Procedural Law - This term stands in contrast to substantive law (defined below). Procedural law consists of the technical rules by which a court hears and determines what happens in a civil lawsuit, or criminal or administrative proceedings. For example, the rules for serving documents are procedural.

Quasi-judicial – A term used to describe the actions of an entity that is not part of the judiciary, but functions like the courts.

Remedy – The means used to redress or compensate a wrong or injury. Remedies can take many forms: monetary compensation, striking down or amending a law, demanding that a service provider take certain steps to comply with human rights laws or reduce discrimination.

Respondent - This term arises in (among other places) human rights complaints. The respondent is the person against whom a human rights complaint is launched. 

Small Claims Court – Alberta Provincial Court (Civil Division). Small Claims court hears civil claims up to $50,000. It offers a simplified procedure from the Court of Queen's Bench, and is meant to be accessible for people who do not have a lawyer (although lawyers are increasingly appearing in this court).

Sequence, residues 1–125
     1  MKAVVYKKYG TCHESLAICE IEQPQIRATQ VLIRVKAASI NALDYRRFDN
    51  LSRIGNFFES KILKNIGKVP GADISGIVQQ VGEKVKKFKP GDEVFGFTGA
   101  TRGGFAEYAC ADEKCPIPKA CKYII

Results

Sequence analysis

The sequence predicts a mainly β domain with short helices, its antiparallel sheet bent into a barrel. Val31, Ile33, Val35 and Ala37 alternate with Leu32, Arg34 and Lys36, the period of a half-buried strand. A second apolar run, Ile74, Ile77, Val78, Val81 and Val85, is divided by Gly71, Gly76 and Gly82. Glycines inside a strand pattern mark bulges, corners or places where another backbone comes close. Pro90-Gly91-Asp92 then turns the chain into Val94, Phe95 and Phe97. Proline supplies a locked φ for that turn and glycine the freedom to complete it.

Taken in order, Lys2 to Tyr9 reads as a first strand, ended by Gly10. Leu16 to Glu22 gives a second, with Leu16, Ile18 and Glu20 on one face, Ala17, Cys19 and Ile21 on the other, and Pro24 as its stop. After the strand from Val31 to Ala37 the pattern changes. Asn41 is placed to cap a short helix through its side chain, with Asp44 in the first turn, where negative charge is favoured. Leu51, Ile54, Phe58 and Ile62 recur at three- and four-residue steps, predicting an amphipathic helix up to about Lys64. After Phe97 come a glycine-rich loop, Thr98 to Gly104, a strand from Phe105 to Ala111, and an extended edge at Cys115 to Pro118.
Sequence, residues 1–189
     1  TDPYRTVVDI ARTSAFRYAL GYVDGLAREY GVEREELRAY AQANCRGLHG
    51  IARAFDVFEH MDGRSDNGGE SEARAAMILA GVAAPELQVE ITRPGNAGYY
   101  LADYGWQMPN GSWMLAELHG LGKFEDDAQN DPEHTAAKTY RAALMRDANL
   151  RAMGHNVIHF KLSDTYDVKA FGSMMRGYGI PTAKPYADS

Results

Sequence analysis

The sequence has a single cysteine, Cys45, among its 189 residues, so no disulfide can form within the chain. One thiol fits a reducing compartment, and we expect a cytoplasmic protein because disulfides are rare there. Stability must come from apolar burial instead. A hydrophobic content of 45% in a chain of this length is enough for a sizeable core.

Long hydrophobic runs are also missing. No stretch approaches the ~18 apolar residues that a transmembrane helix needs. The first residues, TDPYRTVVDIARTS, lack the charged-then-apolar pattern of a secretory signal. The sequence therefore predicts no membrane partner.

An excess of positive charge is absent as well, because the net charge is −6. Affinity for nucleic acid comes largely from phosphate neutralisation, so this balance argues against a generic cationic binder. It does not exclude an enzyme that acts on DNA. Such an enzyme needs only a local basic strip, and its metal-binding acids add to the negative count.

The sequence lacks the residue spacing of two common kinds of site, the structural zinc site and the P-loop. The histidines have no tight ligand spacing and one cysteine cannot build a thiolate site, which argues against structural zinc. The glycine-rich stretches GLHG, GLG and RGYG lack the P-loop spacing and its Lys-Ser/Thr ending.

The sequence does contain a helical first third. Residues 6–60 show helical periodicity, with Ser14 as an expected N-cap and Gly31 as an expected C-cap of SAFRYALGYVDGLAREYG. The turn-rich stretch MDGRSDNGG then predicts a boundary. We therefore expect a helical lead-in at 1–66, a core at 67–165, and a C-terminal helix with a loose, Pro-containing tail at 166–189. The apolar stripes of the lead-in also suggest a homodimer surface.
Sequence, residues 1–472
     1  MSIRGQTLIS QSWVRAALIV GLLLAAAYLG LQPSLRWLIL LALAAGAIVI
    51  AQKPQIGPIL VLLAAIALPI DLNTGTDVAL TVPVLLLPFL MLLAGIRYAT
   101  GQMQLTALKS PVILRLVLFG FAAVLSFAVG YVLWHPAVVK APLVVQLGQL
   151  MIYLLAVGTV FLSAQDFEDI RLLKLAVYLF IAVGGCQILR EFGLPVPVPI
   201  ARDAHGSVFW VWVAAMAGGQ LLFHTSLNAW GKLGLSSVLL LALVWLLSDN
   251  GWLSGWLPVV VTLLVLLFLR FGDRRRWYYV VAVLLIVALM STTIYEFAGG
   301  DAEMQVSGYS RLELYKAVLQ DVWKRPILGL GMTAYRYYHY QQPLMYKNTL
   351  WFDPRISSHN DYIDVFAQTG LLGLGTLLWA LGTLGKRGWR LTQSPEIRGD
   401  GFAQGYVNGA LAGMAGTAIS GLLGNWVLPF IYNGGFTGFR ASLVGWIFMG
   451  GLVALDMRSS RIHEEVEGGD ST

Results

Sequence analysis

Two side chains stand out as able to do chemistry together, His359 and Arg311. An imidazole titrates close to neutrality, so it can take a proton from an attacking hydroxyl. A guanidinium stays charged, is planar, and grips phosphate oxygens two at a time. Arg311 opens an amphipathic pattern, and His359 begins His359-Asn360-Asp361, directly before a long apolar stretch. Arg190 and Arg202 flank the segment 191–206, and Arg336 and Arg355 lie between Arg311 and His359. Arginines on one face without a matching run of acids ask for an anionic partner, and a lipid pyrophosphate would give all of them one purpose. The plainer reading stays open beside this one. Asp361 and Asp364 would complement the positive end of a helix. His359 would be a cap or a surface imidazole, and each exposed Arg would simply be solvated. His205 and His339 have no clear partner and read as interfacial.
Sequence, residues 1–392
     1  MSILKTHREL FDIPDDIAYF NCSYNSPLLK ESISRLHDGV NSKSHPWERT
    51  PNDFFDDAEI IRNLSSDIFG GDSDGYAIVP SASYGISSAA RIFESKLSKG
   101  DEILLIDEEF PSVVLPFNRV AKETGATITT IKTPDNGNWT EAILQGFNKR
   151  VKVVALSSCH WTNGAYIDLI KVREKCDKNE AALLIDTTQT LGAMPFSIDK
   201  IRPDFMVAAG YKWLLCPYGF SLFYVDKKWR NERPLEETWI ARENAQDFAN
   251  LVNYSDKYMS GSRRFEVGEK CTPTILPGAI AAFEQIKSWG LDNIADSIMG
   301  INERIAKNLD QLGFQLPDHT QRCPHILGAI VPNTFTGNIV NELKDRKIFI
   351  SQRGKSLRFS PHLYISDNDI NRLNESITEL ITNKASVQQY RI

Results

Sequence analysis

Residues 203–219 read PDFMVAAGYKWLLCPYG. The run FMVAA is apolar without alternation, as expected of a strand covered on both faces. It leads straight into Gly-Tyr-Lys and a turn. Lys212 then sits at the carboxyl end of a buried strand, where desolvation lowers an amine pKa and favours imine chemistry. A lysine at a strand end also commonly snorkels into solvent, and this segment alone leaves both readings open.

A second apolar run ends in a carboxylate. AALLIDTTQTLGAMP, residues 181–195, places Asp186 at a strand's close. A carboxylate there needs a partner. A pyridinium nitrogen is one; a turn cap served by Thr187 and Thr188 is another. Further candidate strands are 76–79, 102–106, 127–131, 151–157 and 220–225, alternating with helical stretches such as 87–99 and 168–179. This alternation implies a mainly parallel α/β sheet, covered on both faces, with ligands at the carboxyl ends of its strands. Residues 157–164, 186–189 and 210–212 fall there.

Standing - The legal right of a person or group to bring an action against another person or the government.

Service – Delivery of communication of a pleading, a notice, or other documents in an action to the opposing party.

Settlement – An agreement reached between opposing parties in a civil matter before the final judgment

Substantive Law - This term stands in contrast to procedural law (defined above). Substantive law is the content of a statutory, or written law. Substantive law includes the rights, duties and defences that exist to prove your claim (or defend your claim).  For example, the steps needed to prove negligence are part of substantive law. In addition, assault and self-defence are matters of substantive law.

Tribunal - An administrative body authorized to settle judicial or quasi-judicial matters.

Undertaking - A formal pledge or promise to do something (usually a promise to provide an answer or produce records in a civil action)

Undue Hardship - When raised in the context of human rights claims, undue hardship occurs when an accommodation to alleviate a discriminatory practice is disproportionately burdensome. For example, significant financial costs or serious disruption to business could constitute undue hardship.